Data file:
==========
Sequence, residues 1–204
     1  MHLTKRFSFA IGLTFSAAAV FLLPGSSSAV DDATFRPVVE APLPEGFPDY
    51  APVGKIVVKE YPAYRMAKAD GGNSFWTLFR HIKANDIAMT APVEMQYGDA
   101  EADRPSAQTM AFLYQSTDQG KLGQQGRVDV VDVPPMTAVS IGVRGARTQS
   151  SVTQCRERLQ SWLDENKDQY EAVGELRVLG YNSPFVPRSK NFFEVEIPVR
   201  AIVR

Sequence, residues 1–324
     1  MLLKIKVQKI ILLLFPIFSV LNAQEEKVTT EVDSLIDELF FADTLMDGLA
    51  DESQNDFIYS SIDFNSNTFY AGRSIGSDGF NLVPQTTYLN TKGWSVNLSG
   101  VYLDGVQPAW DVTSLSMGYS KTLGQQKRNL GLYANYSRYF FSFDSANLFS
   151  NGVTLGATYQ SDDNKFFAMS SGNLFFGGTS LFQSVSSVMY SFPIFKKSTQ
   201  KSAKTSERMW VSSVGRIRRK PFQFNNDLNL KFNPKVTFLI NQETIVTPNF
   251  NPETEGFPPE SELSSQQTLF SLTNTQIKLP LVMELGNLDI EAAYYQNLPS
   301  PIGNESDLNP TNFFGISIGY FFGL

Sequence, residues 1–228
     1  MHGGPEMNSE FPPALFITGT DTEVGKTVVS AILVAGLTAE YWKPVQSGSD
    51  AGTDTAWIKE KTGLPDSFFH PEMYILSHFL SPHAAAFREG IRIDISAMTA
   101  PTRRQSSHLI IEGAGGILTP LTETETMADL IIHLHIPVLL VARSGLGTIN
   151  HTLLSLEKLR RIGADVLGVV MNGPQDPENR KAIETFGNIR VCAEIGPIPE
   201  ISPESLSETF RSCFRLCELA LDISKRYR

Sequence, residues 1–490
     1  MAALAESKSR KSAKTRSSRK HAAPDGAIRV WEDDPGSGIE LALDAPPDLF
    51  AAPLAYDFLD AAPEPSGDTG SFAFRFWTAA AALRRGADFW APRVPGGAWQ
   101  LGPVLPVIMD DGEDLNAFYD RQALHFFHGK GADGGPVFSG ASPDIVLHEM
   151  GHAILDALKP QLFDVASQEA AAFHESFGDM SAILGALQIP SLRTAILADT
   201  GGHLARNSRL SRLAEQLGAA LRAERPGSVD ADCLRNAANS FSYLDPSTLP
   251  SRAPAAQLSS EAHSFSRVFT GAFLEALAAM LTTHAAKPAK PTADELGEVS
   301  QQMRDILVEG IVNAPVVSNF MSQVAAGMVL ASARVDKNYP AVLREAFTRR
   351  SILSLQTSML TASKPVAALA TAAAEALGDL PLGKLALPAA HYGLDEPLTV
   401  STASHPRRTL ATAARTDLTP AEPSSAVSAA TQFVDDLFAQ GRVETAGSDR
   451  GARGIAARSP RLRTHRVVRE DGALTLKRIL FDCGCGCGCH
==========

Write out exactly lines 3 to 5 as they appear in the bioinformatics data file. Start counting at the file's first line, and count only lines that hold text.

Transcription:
    51  APVGKIVVKE YPAYRMAKAD GGNSFWTLFR HIKANDIAMT APVEMQYGDA
   101  EADRPSAQTM AFLYQSTDQG KLGQQGRVDV VDVPPMTAVS IGVRGARTQS
   151  SVTQCRERLQ SWLDENKDQY EAVGELRVLG YNSPFVPRSK NFFEVEIPVR